Hepatitis A is a liver disease caused by the hepatitis A virus. According to the Centers for Disease Control and Prevention (CDC), it is estimated that between 125,000 and 200,000 people are infected with hepatitis A each year in the United States. Between 84,000 to 134,000 of of those people will show symptoms of hepatitis A virus (HAV). Each year, approximately 100 people will die because of hepatitis A.
Hepatitis A can easily spread among young children in day care settings because many are in diapers and cannot wash their own hands, and no one may know they have the disease since children normally do not have symptoms.
Hepatitis A has on rare occasions been transmitted through blood transfusion, use of blood products or sharing needles or other injecting equipment contaminated with HAV-infected blood. Transmission by blood is rare because the presence of virus in the blood occurs with the onset of infection and is not thought to be present long.
- Low-grade fever
- Malaise (feeling of ill-health)
- Fatigue (feeling tired all the time)
- Loss of appetite
- Abdominal discomfort
- Dark-colored urine
- Jaundice (yellowing of the skin and eyes)
Children under 6 years of age seldom develop symptoms, although some may experience diarrhea.
The Centers for Disease Control and Prevention (CDC) recommends hepatitis A vaccination for:
- All children
- Men who have sex with men
- Illegal drug users
Others recommended for hepatitis A vaccine:
- Anyone traveling to an area with a high prevalence of hepatitis A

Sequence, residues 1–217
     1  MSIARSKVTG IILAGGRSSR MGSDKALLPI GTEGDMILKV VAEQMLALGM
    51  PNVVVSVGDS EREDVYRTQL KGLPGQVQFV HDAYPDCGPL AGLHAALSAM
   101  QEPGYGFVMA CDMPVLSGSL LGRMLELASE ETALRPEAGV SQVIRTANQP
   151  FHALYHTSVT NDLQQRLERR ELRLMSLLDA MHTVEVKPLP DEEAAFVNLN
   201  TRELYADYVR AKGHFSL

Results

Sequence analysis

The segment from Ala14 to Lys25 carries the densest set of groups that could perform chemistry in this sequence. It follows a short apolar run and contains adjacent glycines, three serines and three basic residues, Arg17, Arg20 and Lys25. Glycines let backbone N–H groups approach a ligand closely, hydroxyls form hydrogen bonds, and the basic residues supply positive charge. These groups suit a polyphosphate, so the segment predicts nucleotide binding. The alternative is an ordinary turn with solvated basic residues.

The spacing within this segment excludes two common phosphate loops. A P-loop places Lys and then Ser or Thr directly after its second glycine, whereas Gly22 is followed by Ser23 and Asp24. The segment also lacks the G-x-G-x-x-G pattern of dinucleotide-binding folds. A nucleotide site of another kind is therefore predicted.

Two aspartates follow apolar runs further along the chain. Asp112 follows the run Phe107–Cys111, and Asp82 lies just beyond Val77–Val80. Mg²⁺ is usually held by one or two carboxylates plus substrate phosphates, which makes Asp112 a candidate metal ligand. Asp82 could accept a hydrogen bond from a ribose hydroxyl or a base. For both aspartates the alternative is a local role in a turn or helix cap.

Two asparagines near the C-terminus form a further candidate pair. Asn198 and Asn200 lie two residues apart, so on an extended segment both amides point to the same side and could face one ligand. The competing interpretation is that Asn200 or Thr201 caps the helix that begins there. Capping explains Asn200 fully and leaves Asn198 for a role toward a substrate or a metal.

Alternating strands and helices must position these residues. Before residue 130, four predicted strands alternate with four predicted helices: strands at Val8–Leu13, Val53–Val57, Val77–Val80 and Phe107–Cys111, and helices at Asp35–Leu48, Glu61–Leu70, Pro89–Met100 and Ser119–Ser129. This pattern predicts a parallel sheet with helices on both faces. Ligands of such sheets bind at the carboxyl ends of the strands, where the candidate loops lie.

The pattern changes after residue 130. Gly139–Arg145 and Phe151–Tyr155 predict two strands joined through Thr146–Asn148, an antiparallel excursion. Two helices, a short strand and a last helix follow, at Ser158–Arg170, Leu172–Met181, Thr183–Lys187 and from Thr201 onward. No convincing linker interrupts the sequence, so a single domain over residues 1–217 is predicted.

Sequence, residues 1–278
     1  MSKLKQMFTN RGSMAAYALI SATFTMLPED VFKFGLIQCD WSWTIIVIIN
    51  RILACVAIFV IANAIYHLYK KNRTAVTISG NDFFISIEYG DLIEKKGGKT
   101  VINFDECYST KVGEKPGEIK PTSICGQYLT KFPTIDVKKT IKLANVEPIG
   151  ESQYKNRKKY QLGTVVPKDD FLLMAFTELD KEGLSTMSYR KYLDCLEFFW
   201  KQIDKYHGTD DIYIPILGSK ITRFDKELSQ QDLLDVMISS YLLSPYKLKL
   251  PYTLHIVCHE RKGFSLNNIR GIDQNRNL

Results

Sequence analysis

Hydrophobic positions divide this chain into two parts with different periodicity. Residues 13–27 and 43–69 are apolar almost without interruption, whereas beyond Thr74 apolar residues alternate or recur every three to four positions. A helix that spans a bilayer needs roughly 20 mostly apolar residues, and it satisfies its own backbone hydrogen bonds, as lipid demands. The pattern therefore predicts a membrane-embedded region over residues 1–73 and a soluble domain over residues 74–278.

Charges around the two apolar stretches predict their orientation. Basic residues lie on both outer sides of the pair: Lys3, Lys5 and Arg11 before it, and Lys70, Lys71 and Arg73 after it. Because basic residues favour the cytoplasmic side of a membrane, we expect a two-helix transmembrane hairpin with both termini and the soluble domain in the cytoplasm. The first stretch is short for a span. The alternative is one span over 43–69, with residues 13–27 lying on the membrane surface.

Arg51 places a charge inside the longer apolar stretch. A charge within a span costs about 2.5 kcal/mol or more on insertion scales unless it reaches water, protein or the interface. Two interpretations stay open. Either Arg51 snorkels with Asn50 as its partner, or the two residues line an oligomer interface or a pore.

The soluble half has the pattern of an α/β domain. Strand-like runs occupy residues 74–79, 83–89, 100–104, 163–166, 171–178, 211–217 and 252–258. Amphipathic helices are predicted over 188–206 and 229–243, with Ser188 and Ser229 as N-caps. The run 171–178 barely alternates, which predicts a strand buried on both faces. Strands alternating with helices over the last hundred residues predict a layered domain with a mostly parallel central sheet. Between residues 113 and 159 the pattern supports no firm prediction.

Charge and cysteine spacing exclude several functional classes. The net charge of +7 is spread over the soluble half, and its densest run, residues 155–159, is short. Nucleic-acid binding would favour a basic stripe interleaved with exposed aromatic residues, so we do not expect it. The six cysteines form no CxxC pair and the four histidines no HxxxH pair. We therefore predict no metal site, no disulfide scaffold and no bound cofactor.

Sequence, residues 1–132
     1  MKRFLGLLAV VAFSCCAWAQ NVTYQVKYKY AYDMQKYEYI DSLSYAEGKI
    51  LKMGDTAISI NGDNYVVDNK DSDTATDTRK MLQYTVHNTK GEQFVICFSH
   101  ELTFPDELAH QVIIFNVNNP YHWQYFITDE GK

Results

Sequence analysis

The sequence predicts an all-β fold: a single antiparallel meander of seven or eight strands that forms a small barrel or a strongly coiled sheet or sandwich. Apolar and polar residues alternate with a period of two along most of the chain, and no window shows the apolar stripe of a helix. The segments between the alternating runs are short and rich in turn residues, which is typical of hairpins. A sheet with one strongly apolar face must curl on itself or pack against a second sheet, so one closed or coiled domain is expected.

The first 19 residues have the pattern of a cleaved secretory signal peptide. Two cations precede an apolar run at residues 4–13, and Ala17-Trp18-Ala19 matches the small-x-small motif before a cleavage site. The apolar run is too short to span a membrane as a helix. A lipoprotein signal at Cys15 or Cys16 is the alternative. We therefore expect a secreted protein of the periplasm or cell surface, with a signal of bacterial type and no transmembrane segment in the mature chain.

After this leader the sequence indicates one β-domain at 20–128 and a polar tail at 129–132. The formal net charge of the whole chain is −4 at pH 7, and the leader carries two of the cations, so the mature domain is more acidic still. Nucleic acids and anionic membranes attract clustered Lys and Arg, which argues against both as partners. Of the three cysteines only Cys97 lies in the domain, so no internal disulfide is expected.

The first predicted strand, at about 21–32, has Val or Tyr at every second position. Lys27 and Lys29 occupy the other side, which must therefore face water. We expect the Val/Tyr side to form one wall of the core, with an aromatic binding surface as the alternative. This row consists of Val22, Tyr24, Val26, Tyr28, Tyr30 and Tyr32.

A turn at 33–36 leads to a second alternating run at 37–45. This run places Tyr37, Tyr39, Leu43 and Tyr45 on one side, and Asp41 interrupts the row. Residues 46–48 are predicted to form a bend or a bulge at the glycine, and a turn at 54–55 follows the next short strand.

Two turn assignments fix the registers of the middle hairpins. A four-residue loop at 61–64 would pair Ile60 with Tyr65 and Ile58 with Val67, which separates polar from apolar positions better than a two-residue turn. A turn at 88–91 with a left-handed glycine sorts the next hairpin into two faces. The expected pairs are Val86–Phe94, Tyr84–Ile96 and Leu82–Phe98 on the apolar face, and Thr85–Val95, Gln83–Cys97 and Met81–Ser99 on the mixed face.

- Those with hepatitis B or C
- Abstinence (not having sex)
- Mutual monogamy (having sex with only one uninfected partner)
- Cut-up non-lubricated latex condoms or use of other moisture barriers, such as household plastic wrap or dams (square pieces of latex) can reduce the risk of transmitting HAV during oral-anal sex.
Non-Sexual Prevention: Other ways to prevent hepatitis A:
- Avoid sharing drug needles and other drug-injection equipment.
- Avoid contaminated food or water sources
- Practicing good personal hygiene, especially hand-washing after using the toilet or changing diapers
- To inactivate HAV, heat foods at temperatures above 185 degrees Fahrenheit for 1 minute or disinfect surfaces with a 1:100 dilution of household bleach in tap water (1 part bleach for 100 parts of water)
- Centers for Disease Control (CDC):
Viral Hepatitis Division and National Immunization Program
- Hepatitis Foundation International
- American Liver Foundation
- Immunization Action Coalition (IAC)
- Parents of Kids with Infectious Diseases (PKID)
Hepatitis for Men
en who have sex with men (MSM), compared the population as a whole, are at increased risk of getting hepatitis A and B. However, there are safe and effective vaccines available for both hepatitis A and B. Learn more about hepatitis risks and prevention, take a risk assessment and take a quiz to check your knowledge at ASHA’s hepatitis website for men.